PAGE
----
sONgLineS DowserS
Shadows: Lamenting Rivers and the Daughters of Fire
Imbolc marks the mid-point between winter solstice and spring equinox, the beginning of Spring as the transition between seasons that are not yet visible but promised — when the seeds underground awake from their winter dormancy and began to slowly sprout and stretch and rise to the light forthcoming. Imbolc or Imbolg, coming from Oimelc, old Irish for ‘in the belly’ or ‘ewe’s milk’, refers to the season when ewes are pregnant and nursing, as it marks the fluid onset of agricultural spring from the start of lambing season, the beginning of sowing and the blooming of blackthorn. On Imbolc, it is said, Brighid will visit every home.

On that early night of February shall all the hearths be put out, let the last glow cool to ashes, still snow and cold, but Winter is slowly departing. Light is coming, the night is shorter. For the old Cailleach, lady of the mantle, grandmother of the cold winds, storms and snow, will soon lay near the Holy tree, get her old body turned to stone. Or perhaps, some say, riding her winged wolfe or even transmuting herself into a crane, Cailleach will now travel through the mists of Avalon and eat from the eternal youth tree, so the hag may have her youth restored and returned to be Brighid — the maiden Bride, the foster mother, the ‘exalted one’.

“Brighid is coming, Brighid is here!”, released by Cailleach from her winter prison, she arrives with the first snowdrops flowers and her companion white cow. On her return from the underworld, the life-giver walks barefoot, leaving behind a green trace through the land, the first blossoming flowers and the ever-flowing milk that promises warmth, fertility and abundance.

On her arrival, bonfires are lit at the crossroads and on every yard, guiding her, honoring her. As her is the sacred flame of Kildare, the perpetual fire tended by 19 priestesses — the virgins daughters of the Fire, she is the keeper of the forge and the keeper of the hearth. Her Kildare fire held by the same time it takes for a new moon to coincide again with the winter solstice, a nineteen-year cycle. It is said that, on the twentieth day of each cycle is Brighid herself who tends the fire. On her arrival and from her sacred flame, new fires are now lit in every house and the hearth kept burning for another year round.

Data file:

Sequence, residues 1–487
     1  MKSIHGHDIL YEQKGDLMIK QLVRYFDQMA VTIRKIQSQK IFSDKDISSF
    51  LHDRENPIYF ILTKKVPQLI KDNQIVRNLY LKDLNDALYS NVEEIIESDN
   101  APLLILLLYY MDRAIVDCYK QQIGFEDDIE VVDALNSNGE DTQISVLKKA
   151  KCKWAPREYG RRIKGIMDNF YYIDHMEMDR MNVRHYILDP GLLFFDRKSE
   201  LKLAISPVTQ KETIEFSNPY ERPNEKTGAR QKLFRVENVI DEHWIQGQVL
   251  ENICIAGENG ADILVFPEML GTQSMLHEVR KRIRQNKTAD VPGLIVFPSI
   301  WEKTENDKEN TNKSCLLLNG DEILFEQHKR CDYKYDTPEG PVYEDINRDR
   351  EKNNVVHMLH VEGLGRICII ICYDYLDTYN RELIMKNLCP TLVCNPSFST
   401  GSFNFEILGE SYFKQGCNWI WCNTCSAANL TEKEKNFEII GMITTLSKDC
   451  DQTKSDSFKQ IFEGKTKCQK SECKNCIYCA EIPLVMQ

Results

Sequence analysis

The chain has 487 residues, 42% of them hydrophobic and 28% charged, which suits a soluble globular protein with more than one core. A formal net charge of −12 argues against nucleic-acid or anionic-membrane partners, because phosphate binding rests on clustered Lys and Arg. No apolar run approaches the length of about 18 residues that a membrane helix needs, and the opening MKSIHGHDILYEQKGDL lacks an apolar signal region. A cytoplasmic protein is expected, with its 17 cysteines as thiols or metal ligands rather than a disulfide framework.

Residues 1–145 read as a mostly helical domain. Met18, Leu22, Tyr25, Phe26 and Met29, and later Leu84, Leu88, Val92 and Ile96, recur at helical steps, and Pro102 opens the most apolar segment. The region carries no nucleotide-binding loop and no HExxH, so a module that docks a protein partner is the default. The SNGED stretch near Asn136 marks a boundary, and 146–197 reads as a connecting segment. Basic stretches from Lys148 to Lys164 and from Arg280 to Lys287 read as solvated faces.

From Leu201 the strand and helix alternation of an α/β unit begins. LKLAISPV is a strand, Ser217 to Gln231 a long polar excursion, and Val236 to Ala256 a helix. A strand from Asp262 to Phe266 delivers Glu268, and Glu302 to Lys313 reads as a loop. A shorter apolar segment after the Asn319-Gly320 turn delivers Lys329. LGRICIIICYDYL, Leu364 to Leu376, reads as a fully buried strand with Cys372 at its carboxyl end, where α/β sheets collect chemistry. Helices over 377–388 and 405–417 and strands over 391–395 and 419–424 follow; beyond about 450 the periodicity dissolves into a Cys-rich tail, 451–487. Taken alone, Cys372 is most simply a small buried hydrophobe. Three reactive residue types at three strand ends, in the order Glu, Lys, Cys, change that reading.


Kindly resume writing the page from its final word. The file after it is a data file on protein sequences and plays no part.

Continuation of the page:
So, let us lit this ancient fire again. The one that protects our household, feeds our bodies and gives breath to our hearts. For she holds the poetry of life, the magic wand of wisdom, the music sang by the wind since way before the bells of any church rang. Brighid, the divining priestess of oracles, who whispers in the reed as in the hearts of people, keeper of creative inspiration, guardian of prophecies and dreams, custodian of the future.

Let our senses awaken to the land, listen the wind, follow the waters, seize the soil. Recall the ancient memories of those smells, tastes, sounds and dreams that awaken and spark life through the land, so within as without, in each one of our bodies. Brighid, the patroness of plants, medicine, healing and magic. Brighid, released from the melting snow of Cailleach departure, the patroness of the groundwaters, the sacred wells that flow through yet unseen and renew life.

But, may us weep for what is gone, for the eternal cycle of life and death will keep spinning and new beginnings will be foretell by our dreams. Brighid is the greek goddess Demeter, who mourned Persephone being taken to the underworld. Like her, Brighid mourned her son killed in battle, wailing the first ever lament heard on earth. She is the keeper of the threshold, of all the limiar spaces, assisting the transitions between worlds, as the waken and dream realms, as the upper and lower worlds, spinning the wheel of fortune, assisting the needed transmutations and rebirths — when time comes, when the cycles are ripe. For she is the goddess of dawn and the goddess of woman, bearer of mysteries, skilled in magic, threader of waters and blood. She is the midwife of all mothers, the foster mother of all childs and the gentle hand that assists renewal, transitions and rebirths.

bearer of the art of braiding, Brigid is also Bride and Braido, the one who taught women to spin, weave and plait. Like the Norns, she threads the lives of humans, binding them together, intertwining hopes and prayers for the good and healing of all our relationships. For we share a common destiny with humans and non-humans alike, she recall we are all fruits of the same one tree, so connected in the underground rhizome of our shadows as in the upper branches of our gifts. Our lives linked by the same one breath — the thread of all our relationships.